Although they may come with a certain degree of security, there is always some risk that comes with investing in precious metals. Prices can drop during times of economic certainty, as investors are forced to liquidate assets to cover margin calls or fulfill other securities requirements.

Similarly, physical assets may be difficult to sell at reasonable prices, particularly during times of heightened volatility. And of course, precious metals carry the added risk of theft if they are stored at home.

Example of a Precious Metal: Gold

Gold is the most high-profile precious metal, consistently generating lots of attention from the financial media, as well as market participants. Until 1973, the U.S. currency system was based on the gold standard.

Several factors account for an increased desire to hoard the shiny yellow metal:

  1. Systemic financial concerns: When banks and money are perceived as unstable and/or political stability is questionable, gold has often been sought out as a safe store of value. 
  2. Inflation: When real rates of return in the equity, bond, or real estate markets are negative or are perceived to drop in the future, people regularly flock to gold as an asset. 
  3. War or political crises: War and political upheaval have always sent people into a gold-hoarding mode. An entire lifetime's worth of savings can be made portable and stored until it needs to be traded for foodstuffs, shelter, or safe passage to a less dangerous destination.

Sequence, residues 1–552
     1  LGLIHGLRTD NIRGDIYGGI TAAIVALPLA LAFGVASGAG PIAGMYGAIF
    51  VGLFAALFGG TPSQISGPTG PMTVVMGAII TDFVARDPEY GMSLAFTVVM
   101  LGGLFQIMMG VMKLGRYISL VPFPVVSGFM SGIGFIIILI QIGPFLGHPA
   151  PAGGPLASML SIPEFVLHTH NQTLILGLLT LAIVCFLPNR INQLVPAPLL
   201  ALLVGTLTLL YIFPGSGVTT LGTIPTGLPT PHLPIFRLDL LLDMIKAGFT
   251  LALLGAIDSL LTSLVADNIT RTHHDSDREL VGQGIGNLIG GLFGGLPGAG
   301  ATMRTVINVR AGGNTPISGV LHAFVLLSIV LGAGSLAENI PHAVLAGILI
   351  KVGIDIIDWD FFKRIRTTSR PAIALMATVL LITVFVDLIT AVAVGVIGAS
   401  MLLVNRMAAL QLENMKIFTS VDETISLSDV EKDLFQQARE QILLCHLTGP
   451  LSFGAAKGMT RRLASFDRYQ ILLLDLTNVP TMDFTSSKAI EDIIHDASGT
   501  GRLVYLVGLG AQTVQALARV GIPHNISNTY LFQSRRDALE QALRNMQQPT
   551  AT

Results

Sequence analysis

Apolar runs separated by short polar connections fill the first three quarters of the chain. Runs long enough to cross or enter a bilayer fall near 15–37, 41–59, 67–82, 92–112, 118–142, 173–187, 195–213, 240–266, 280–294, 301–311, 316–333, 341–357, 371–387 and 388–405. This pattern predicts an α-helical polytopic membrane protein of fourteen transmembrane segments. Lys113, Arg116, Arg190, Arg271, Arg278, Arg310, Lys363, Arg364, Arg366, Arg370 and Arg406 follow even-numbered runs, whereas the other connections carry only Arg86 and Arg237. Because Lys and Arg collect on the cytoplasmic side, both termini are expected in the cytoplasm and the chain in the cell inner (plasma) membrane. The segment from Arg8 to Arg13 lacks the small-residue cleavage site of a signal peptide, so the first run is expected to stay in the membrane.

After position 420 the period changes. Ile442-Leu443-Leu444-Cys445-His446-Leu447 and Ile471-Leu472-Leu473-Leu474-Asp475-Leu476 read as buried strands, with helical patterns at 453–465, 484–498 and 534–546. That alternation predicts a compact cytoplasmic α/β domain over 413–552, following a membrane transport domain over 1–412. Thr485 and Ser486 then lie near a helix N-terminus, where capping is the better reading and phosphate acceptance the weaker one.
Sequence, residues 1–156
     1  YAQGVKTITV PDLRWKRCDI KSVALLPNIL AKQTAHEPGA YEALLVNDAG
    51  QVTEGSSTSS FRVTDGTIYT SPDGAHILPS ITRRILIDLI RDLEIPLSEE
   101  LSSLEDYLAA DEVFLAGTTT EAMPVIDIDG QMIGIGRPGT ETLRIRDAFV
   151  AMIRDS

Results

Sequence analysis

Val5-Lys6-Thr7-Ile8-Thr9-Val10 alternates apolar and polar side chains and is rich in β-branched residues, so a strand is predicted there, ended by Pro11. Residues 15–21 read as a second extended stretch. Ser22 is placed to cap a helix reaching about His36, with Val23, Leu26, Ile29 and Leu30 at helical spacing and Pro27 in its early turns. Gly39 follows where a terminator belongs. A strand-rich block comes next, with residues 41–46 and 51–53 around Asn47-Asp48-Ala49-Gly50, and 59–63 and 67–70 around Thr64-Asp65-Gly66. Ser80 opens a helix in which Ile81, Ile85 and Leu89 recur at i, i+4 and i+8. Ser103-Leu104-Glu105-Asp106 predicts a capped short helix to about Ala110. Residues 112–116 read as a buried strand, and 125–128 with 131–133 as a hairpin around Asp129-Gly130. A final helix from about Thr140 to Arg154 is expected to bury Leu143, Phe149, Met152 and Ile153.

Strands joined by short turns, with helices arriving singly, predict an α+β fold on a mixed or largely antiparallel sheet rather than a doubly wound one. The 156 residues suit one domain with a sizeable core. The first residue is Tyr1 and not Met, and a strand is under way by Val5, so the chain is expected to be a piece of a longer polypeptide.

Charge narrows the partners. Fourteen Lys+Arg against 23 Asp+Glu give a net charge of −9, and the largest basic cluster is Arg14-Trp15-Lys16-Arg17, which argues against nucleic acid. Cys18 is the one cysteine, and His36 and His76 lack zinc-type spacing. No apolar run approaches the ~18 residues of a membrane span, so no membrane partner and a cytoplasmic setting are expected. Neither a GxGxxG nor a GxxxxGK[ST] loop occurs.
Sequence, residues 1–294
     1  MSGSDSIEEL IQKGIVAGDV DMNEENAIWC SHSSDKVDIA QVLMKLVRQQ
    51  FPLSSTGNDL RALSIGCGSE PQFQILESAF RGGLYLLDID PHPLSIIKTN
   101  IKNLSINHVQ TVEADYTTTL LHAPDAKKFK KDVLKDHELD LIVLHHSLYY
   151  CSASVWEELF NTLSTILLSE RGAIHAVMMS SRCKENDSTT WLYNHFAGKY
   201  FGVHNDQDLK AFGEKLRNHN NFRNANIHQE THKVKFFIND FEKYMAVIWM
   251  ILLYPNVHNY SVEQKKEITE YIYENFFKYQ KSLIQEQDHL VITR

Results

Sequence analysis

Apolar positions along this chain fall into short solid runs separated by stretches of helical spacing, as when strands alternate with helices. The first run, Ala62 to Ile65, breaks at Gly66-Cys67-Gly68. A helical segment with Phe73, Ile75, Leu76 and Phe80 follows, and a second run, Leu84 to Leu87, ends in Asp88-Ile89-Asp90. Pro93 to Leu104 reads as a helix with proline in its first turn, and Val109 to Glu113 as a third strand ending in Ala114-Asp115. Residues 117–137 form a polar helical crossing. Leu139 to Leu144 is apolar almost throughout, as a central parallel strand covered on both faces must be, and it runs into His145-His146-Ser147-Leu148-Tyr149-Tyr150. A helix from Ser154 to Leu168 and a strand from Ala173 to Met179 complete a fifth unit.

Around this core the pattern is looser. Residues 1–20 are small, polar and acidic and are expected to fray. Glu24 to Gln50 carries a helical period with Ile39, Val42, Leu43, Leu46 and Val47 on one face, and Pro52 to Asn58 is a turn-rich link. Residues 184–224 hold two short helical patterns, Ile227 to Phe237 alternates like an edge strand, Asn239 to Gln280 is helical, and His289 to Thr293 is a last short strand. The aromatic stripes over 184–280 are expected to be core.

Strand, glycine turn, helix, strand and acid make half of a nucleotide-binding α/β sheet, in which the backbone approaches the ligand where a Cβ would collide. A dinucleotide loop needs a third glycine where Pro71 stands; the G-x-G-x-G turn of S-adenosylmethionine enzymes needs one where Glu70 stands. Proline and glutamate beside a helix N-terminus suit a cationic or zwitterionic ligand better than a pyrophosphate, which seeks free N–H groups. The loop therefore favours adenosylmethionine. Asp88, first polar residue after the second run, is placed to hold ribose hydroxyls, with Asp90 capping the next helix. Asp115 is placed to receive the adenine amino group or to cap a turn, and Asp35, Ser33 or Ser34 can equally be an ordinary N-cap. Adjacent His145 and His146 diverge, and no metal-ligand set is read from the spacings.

Gold reached a peak inflation-adjusted price of roughly $2,200 in February 1980, before declining to a low of under $400 in April 2001. In the past 20 years, its price has generally risen, reaching nearly $2,000 in October 2020 and breaking over $2,000 later that year. Gold price as of June 2022 is around $1,850.

How Many Precious Metals Are There?

There are eight metals that are considered precious. They are gold, silver, platinum, palladium, rhodium, ruthenium, iridium, and osmium. Of the precious metals that are not gold or silver, platinum is the most traded.

What Is the Most Precious Metal?

There are two metrics used to determine what is the most precious metal, those being price and rarity. The most expensive precious metal is rhodium. As of June 2022, rhodium carries a price tag of $14,000 an ounce. Compare that to around $980 for platinum and around $1,850 for gold.

What Is the Main Gold ETF?

The largest gold ETF by total assets is the SPDR Gold Shares ETF (GLD). The next four ETFs are the iShares Gold Trust (IAU), the SPDR Gold MiniShares Trust (GLDM), the abrdn Physical Gold Shares ETF (SGOL), and the iShares Gold Trust Micro ETF (IAUM).

The Bottom Line

Precious metals are mined and traded as a way to hedge against inflation and offer the benefit of being able to invest in a physical asset. That makes these metals beneficial in times of geopolitical upheaval, when you may need to leave the country or protect assets and don't trust or believe in the strength of your domestic equity markets.

Article Sources
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  1. Metals Daily. "Live Prices."